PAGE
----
Originally Published: Monday, 18 September 2000 Author: Matt Michie
Published to: featured_articles/Featured Articles Page: 1/1 - [Printable]

Linux Is Not Linux

What is Linux? Look deeper and beyond your immediate answer. Linux is not the latest tweaked out Enlightenment window manger or your Helix GNOME desktop. Linux is not your bash shell. Linux is not your 50K .vimrc. Linux is not your C compiler. Linux is not your /etc or /dev directories. Linux is not even the kernel.

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What is Linux? Look deeper and beyond your immediate answer. Linux is not the latest tweaked out Enlightenment window manger or your Helix GNOME desktop. Linux is not your bash shell. Linux is not your 50K .vimrc. Linux is not your C compiler. Linux is not your /etc or /dev directories. Linux is not even the kernel.

Linux is a virus. Linux is a mental virus which exhibits emergent behavior on a scale of millions. Don't believe it? Show me Linux. Point to exactly what it is. I already told you it isn't a kernel, and it isn't an operating system either.

I can tell you still want to tell me that Linux is ultimately a kernel. I counter that the kernel is nothing but C and assembly source code, then I tell you that Linux is not source code either. Perhaps you say, "you are just being semantically picky; source code is the instructions for building a kernel, whose job is to talk to the hardware and manage programs."

Oh? What good is source code to me? Source code doesn't talk to hardware or manage programs in my world. Source code without the right compiler won't somehow start to operate computer hardware. Even after one compiles the source code into a "kernel" what do you have? Are you trying to tell me that /vmlinuz is Linux? I can create a file called vmlinuz on my Windows partition. I can even compile Linux there. Is that Linux?

When does /vmlinuz become Linux? What is the exact moment after I boot my computer that Linux exists? Can you open up my CPU and show me how the electrons are flowing through the transistors differently when under the influence of Linux? Sure, you can tell me about the way Linux multi-tasks or manages its memory. You can even try to argue that together these algorithms form into a unique way of putting together CPU instructions that could be fingerprinted. Is that Linux?

No. Linux is an idea. Yes, perhaps it is ultimately an idea that manifests itself through source code, but it goes deeper than that. What most of us refer to when we say Linux is more than just a pattern of instructions in our CPU, and more than just some ASCII characters stored on our hard disc drive.

Stallman is part right when he insists we say GNU/Linux. What most people mean when they refer to Linux contains their bash shell, their GCC, their textutils, their EMACS, or their info pages. But Linux is still more than that. Linux is your hand crafted .muttrc. Linux is your GIMP, and Linux is the root background you spent 3 weeks searching for. Linux is BSD utilities. Linux is your Perl scripts.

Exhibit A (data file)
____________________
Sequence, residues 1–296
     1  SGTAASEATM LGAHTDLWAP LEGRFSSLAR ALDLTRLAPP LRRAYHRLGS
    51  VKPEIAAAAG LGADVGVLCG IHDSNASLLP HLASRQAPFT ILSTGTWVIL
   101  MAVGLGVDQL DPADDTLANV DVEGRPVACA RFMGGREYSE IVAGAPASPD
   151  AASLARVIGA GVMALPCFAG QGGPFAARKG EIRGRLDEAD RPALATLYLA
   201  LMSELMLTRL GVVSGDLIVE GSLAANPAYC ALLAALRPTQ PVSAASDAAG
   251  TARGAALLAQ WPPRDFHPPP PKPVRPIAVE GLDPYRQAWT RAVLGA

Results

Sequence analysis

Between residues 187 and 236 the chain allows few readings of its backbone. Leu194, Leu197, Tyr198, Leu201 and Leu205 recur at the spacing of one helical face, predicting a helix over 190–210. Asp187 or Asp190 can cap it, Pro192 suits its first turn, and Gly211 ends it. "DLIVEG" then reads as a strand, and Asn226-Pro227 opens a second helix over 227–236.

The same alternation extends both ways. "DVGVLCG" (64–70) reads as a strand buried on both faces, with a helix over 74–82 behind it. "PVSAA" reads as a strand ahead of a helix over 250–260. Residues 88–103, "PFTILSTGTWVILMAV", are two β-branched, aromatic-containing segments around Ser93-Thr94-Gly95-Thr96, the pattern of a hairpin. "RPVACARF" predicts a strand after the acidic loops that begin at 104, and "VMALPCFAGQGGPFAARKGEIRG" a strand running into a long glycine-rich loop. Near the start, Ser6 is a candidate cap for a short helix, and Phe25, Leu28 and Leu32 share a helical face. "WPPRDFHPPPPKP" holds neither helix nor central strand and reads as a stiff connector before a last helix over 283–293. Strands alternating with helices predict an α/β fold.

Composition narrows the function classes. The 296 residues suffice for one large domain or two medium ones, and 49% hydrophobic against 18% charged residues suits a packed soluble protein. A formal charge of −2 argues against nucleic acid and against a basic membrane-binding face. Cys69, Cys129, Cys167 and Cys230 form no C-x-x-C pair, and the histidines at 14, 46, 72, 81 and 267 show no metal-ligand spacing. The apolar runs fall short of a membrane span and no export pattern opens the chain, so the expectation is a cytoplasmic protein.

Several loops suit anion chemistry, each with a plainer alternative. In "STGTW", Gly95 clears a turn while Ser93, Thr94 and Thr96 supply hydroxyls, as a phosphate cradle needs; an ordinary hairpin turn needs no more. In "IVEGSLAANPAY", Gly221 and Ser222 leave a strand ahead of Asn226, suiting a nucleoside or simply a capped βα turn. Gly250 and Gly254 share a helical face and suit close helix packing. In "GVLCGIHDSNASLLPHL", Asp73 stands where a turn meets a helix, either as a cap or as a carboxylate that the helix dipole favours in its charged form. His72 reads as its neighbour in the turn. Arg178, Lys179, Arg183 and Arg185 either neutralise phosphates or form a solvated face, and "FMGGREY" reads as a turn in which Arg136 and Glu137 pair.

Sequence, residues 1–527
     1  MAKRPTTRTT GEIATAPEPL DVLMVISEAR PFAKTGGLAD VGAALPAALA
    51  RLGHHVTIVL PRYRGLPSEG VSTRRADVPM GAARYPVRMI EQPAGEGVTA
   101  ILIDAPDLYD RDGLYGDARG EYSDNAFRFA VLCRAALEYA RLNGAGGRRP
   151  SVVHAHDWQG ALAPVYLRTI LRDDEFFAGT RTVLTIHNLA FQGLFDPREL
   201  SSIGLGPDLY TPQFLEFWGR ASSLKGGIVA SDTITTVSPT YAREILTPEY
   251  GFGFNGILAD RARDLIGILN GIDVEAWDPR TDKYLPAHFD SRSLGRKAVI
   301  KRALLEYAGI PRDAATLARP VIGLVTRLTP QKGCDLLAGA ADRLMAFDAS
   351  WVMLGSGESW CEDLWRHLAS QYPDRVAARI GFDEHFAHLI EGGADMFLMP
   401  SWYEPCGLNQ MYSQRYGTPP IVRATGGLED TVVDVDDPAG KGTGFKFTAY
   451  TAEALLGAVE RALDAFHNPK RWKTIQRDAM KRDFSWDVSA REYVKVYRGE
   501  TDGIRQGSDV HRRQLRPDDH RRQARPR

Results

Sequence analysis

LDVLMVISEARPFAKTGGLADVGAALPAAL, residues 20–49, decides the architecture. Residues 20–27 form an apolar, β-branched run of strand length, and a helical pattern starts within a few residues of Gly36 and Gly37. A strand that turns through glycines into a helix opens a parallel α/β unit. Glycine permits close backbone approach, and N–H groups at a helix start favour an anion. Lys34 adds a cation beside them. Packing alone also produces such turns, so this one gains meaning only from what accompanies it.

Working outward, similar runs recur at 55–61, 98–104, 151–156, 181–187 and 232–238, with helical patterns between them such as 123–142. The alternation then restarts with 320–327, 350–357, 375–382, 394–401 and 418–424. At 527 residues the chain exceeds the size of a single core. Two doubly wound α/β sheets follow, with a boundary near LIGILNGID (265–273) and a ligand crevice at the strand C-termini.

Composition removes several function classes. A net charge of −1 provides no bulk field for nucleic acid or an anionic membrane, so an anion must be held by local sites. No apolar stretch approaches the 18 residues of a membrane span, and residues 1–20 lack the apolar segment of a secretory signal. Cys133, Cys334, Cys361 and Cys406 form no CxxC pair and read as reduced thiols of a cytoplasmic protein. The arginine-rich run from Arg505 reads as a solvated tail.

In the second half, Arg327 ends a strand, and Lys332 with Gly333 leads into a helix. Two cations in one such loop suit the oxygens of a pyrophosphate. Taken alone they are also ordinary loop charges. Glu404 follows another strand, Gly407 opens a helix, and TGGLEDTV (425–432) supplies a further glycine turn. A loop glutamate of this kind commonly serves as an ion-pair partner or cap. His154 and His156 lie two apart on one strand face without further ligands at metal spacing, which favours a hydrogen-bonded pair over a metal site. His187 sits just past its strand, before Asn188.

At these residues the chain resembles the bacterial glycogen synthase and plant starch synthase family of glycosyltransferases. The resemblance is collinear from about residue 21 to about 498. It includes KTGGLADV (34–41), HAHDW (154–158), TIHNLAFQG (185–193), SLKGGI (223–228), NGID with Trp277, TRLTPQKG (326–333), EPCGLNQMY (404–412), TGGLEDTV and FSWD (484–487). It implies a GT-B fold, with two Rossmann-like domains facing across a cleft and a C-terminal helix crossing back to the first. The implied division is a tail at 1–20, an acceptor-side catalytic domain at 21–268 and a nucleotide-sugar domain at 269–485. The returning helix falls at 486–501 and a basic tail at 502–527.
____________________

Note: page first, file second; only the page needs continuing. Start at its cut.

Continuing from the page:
So how is Linux a virus? If you walked this far along with me, you'll see that Linux is not easy to define. Linux is not something you can point your figure to and say, "there it is!" Yet, Linux is "spreading" at exponential growth. What is it that is spreading? Commercial distributions? Sure. Community distributions? Sure. Home brewed distributions? Sure. Kernel source code? Always.

Much more importantly however, are the ideas and methodologies behind open source. To be honest, only recently has Linux been a remarkable kernel. This is one of the reasons Yahoo.com and Hotmail.com chose FreeBSD as their server of choice. This is why FreeBSD is used on some of the busiest FTP servers in the world.

So why has Linux enjoyed such tremendous success even while starting out technically inferior to already available open source, UNIX-like operating systems? Because Linux is also the Linux community. No one can say how many people are running Linux at any one time. Is it 5 million? 10 million? 20 million?

These millions of people are part of a community distributed across the Earth, sharing a common ideal. They have been brought together by a concept called Linux. This viral meme infects one person that infects another who infects a hundred who infect a million.

You don't even have to run Linux on your computer to be infected by some of these ideas. Open source/free software is increasingly becoming an accepted way of doing software. Even the largest commercial companies are giving lip service to this methodology.

Linux is even more than that. Linux is a way of scaling communities. Linux is finding out how to get millions of people who don't all speak the same language communicating. Linux is about sharing information. Linux is about helping your neighbors, even when your neighbors live in a different continent.

Linux is about exploiting the potential of the Internet. The Internet is currently over-hyped, but in a century or two historians will look back and classify the Internet at a higher level than the invention of the Printing Press. The Internet will be just as important to human-kind as the invention of writing.

We've only begun to explore the possibilities. There is no guarantee that the Linux community will hold together or continue to scale well, but maybe . . . that idea will float into that one person in the world that can make it happen. The methods and tools we use to build the Linux community will eventually be adopted for other even greater projects.

Are you that person? Have you already been infected? Are you Linux?

Matt Michie exists in the New Mexican desert. Please visit his web site at http://daimyo.org.





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